Just like mother nature has a variety of helpful insects to take care of pollination and pest control, there’s a selection of mammals and amphibians eager to get stuck in, too.
Most of these animals would be a delight if seen out and about, but you should be especially happy to see them in your garden as well. If you want to encourage more of these helpful animals to visit, take a look at our tips for how to entice them.
Mother nature works around the clock when taking care of your garden - the small hours are protected by the lovely bat population. From moths to midges, nocturnal flying insects are on the menu. Bats hunt their prey by emitting high pitched squeaks to locate flying food, locking on to the tiniest echoes that bounce back from their prey.
There are 18 species native to Britain, however you’re most likely to see the Common Pipistrelle flying around. Don’t underestimate them because of their small size - the pipistrelle can eat over 3,000 insects in a single night! These wonderful nocturnal animals should be a welcome addition to your garden if you want to keep control of harmful insects.
Bats can be fussy about where they choose to call home, but there are measures you can take to encourage them to visit your garden in the evening. Put up a bat box near your house or some trees.
Slow worms love to help out with any slug problems. Some snails, and other small invertebrates are also a firm favourite with these charming little creatures. They may look like snakes, but the slow worm is actually a lizard - even though they’ve got no legs!
You’re most likely to find them hiding in an undisturbed compost heap, as they relish the warmth released by decomposition. Encourage them to come to your garden by laying down a small strip of carpet, corrugated iron sheet, or a rubber mat. It will get really warm under there, and they will gratefully soak up the heat.
Frogs and toads
Frogs and toads are a fantastic natural pest control. They especially love helping themselves to slugs and snails, as well as various other insects they can get their tongues on. It is thought that a single toad will eat around 10,000 insects each summer! Tadpoles eat the algae in ponds, too, which will be a help for keeping the water clean.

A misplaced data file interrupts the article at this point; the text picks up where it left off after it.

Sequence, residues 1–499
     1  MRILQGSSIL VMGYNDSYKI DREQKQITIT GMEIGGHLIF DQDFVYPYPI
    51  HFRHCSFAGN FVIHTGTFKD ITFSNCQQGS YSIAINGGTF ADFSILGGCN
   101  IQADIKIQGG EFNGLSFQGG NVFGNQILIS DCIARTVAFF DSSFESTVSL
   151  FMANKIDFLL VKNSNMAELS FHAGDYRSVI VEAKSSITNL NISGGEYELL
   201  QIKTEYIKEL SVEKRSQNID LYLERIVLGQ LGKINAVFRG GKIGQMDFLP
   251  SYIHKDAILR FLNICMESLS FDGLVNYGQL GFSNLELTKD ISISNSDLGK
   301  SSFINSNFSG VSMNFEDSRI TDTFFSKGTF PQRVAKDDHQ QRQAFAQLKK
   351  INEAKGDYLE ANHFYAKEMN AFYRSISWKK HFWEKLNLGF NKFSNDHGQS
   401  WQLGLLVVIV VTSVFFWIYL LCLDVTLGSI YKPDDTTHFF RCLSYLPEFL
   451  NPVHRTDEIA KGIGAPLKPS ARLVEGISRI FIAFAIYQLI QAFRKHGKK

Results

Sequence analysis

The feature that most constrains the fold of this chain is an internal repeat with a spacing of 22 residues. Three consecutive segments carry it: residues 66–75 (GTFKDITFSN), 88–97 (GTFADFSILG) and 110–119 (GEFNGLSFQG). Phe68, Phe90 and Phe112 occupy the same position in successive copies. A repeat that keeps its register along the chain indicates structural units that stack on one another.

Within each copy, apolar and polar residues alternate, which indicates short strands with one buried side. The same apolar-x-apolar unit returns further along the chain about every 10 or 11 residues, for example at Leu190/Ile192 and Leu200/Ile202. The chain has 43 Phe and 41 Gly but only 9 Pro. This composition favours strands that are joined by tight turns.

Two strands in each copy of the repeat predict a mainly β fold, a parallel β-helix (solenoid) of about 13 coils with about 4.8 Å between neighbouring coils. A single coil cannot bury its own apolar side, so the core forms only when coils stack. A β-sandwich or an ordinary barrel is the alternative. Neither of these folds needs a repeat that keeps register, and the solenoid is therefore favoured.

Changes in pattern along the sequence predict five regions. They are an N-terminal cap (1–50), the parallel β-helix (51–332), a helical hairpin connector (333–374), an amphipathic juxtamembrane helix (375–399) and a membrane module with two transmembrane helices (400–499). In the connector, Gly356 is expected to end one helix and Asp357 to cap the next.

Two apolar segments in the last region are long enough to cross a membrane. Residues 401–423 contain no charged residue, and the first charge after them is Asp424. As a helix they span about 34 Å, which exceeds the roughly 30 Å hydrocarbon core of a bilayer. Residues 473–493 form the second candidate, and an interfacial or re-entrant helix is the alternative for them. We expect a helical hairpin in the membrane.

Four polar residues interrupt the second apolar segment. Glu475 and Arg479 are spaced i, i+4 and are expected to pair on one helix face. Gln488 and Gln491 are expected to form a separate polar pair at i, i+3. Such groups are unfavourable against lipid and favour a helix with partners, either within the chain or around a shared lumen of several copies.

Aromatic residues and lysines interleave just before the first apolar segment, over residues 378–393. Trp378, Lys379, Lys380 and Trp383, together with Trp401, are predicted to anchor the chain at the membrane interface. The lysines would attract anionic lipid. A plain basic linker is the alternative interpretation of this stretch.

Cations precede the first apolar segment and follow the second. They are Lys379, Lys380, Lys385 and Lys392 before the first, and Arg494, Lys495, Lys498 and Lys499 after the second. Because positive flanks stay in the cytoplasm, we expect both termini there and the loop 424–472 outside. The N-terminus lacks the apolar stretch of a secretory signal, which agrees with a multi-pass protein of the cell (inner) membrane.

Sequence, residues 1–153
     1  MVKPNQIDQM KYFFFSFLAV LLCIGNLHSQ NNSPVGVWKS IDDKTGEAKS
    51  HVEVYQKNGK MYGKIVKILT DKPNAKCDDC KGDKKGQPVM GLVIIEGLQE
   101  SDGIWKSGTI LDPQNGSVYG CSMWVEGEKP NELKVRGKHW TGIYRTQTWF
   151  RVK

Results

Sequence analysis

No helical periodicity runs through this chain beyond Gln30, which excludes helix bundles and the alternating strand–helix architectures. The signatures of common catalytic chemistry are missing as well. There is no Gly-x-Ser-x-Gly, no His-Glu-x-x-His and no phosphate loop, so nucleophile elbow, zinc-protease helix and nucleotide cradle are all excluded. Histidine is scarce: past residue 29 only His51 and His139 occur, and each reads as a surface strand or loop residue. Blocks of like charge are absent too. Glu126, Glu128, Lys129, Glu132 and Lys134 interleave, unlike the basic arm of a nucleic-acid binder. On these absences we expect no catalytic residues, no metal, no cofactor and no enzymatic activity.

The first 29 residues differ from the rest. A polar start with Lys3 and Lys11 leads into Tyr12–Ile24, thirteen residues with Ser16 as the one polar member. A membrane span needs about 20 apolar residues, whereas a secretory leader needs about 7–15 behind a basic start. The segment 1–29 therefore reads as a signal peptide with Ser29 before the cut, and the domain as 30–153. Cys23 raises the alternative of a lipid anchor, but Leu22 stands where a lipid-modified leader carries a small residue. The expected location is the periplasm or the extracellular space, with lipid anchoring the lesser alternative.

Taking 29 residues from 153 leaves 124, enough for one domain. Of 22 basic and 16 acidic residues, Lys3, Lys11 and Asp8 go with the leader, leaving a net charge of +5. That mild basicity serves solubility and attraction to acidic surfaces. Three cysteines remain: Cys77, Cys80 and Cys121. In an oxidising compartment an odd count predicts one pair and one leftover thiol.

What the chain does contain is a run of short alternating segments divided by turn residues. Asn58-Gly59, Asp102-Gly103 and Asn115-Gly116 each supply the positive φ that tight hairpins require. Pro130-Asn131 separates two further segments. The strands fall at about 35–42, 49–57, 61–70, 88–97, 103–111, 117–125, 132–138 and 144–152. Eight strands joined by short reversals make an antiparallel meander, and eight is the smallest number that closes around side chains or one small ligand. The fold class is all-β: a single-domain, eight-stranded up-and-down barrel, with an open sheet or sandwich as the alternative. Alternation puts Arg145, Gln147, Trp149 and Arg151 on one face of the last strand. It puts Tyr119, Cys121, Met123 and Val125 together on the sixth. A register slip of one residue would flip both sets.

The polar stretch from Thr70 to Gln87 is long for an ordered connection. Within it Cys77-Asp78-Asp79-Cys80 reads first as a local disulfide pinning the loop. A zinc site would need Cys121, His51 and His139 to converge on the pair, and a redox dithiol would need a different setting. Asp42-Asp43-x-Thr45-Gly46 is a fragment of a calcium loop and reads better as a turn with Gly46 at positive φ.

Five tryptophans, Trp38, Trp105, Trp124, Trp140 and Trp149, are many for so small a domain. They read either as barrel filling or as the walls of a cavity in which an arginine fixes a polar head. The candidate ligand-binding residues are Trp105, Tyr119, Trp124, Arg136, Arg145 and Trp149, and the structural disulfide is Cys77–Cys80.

A pond will not only do wonders for attracting frogs and toads to your garden’s rescue, but will also provide a wonderful source of water for other beneficial insects and animals. It’s important to include a gently sloping side to a pond, so that creatures can escape from the water if they’d like to.
These lovely little mammals are beloved visitors to many gardens. They can tackle the slugs, snails, beetles, and various other insects invading your veg patch and flowerbeds. The only tricky thing that hedgehogs face is eating enough food to last them through their hibernation in winter.
Hedgehogs are at risk of poisoning from slugs that have been subjected to pellets - as tempting as it might be, leave the slugs for this handy mammal to deal with! It’s important to check bonfire piles before you light them just in case a hedgehog has settled in for hibernation. They can also hole up in piles of leaves and debris scattered at the bottom of your garden, so remember to check these carefully before you move them.
You can also help hedgehogs by leaving out small amounts of supplementary food. Don’t leave out bread or milk, as neither are actually good for them. Think more along the lines of mealworms, cat or dog food, including biscuits. If you’ve got a pond in your garden, try to make sure that there’s a low sloping side to it so that a hedgehog can scramble out if it’s unfortunate enough to fall in. Adding a hedgehog house to your garden will give them a safe place to curl up for winter, too!
Birds are always going to be a massive help with keeping not only the insect population in check, but slugs, snails, spiders and beetles too. Wrens, robins, and tits will be especially helpful for taking care of any harmful beetles. Not only that, but a majority of them are pretty to look at and are a friendly addition to have in any garden.
The key to ensuring an influx of birds into your garden or outdoor area, is providing food for them. They will be especially grateful in the winter when naturally occurring food sources are scarce. An undisturbed pile of logs will attract a variety of insects, making sure that the birds will have plenty of grub to keep them occupied. Your garden birds will also need a source of water to drink from, as well as somewhere they can bathe - either a pond, bird bath or water feature will be the perfect solution.
Another way to attract birds to the garden is to put up a nest box. This will encourage them to roost near your home, and will give you year round helpers to tackle those pesky insects.
With these helpful animals visiting your garden, you can rest assured that nature has your pests under control. Remember to use pesticides sparingly, as this can also have a knock on effect of the living things that help your garden, too. If you want help with pollination, then the bees can sort you out.
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